Despite all the facts, the myth that Californians pay a lot of money for their electricity every month continues to be perpetuated, with its proponents using their misguided interpretation of the data to justify their claim that California shouldn’t be the model for developing a clean energy future.
This time around, it was a Forbes blog contributor who fell for the same misconception, mistakenly claiming that California’s clean energy progress is too expensive and shouldn’t be a model for ways to cut America’s emissions from existing power plants.
But the reality is that California is cleaning up its electricity act—while at the same time—maintaining extremely low residential bills and merely normal growth in prices.
Californians know this is true – the money coming out of their pockets to pay for electricity is much less than most places in the nation. But I’m not writing to tell California utility bill payers something they already know. I’m writing because other people are twisting the facts, and proffering them as reasons to thwart America’s progress toward cleaner energy and less climate-disrupting pollution.California ranks high in low bills
Let’s get something out of the way: California residents pay an average monthly electric bill that is lower than all but nine other states in the union. You heard that right. Despite all the rhetoric about how expensive it’s been for California to make progress on clean energy, if you are an average American, your California counterpart pays a lower electric bill than you.
How is that possible? One of the main reasons why California has been able to maintain its low residential electric bills is that it invests so heavily in energy efficiency—finding ways to support smarter use of energy like upgrading old leaky homes and setting better standards for energy-guzzling appliances. This energy efficiency is cheaper than all the other types of energy, so it keeps California’s electric bills low. (In other words, if we use less electricity, utilities don’t have to generate as much of it, which keeps everyone’s costs low – and reduces the emissions that come along with making it.)There’s a big difference between rates and bills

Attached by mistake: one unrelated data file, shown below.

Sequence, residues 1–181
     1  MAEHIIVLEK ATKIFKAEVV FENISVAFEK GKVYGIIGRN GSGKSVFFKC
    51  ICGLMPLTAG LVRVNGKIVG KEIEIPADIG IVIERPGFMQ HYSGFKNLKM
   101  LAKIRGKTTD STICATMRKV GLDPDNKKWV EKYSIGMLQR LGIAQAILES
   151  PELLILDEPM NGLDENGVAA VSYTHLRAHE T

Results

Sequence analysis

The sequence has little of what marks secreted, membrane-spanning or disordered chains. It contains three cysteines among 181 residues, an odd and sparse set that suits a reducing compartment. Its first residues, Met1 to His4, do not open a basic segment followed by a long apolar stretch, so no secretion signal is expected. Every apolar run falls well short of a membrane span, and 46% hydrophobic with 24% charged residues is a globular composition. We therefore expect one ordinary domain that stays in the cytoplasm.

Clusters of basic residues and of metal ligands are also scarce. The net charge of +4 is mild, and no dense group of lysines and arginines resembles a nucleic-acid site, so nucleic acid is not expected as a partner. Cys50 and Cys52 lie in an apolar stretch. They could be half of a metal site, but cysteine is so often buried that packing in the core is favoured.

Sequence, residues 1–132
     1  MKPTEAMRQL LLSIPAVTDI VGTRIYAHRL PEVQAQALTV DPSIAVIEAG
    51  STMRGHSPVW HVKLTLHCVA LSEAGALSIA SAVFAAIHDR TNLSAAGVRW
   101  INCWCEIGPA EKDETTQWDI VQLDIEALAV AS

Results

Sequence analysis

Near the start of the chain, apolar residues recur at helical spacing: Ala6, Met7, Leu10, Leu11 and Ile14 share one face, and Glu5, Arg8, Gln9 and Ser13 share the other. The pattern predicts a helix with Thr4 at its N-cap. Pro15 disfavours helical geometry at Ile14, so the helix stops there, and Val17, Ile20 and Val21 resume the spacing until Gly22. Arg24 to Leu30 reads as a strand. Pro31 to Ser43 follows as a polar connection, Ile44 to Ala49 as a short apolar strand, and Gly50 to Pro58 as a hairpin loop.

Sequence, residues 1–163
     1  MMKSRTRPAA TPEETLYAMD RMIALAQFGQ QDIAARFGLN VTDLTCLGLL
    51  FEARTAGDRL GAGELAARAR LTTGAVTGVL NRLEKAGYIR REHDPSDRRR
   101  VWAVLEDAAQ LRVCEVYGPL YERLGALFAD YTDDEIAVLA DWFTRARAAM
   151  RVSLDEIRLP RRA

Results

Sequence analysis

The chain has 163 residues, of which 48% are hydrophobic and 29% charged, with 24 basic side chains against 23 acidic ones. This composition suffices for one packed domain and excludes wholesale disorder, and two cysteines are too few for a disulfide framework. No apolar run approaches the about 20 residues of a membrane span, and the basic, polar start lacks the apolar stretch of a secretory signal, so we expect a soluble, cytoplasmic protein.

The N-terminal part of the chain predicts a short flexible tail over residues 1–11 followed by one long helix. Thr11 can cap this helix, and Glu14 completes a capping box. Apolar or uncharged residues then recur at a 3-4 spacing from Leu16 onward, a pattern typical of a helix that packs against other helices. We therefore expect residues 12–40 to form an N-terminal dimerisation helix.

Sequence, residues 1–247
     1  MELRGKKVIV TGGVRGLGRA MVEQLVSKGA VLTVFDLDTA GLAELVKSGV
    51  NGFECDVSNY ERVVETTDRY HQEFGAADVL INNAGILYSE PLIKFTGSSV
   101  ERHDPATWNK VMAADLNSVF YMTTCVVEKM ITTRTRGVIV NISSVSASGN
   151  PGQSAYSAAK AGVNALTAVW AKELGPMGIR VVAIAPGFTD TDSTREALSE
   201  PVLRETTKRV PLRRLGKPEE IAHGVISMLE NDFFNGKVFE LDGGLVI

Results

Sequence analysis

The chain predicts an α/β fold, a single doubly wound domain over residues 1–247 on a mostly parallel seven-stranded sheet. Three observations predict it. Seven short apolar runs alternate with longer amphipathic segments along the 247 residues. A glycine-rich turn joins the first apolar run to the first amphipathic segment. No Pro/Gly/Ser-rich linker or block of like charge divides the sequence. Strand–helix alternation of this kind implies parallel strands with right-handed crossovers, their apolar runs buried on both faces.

One technical aspect of energy efficiency is that it puts downward pressure on people’s electric bills, but it doesn’t apply the same kind of pressure to the price of electricity (or “rate”), which usually shows up on our bills as cents per kilowatt-hour (a unit of electricity). [Caveat lector: to avoid the boring stuff, skip to next paragraph.] Electric rates/prices are a function of the costs incurred to meet our electricity needs spread over how much electricity is used. (Numerically, this means an equation of costs over units of energy). Energy efficiency does reduce the cost of that electricity, which cuts the total amount of money being charged. But energy efficiency also leads to fewer kilowatt-hours used. Because both the numerator and the denominator of the rate equation decrease, as you can see in this illustration. energy efficiency doesn’t result in downward pressure on the rate.
However, because Californians optimize their energy use through efficiency improvements, they use many fewer of those kilowatt hours of electricity than they would otherwise. The result: LOWER BILLS. And isn’t that what people care about? I can’t think of a single person who would trade a lower bill for a lower rate.